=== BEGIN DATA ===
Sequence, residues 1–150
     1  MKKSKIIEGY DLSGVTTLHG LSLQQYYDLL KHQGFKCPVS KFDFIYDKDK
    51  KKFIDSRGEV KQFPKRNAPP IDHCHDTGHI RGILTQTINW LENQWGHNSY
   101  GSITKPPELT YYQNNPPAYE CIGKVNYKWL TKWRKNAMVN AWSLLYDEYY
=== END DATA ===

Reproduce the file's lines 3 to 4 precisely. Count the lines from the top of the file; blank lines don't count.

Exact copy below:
    51  KKFIDSRGEV KQFPKRNAPP IDHCHDTGHI RGILTQTINW LENQWGHNSY
   101  GSITKPPELT YYQNNPPAYE CIGKVNYKWL TKWRKNAMVN AWSLLYDEYY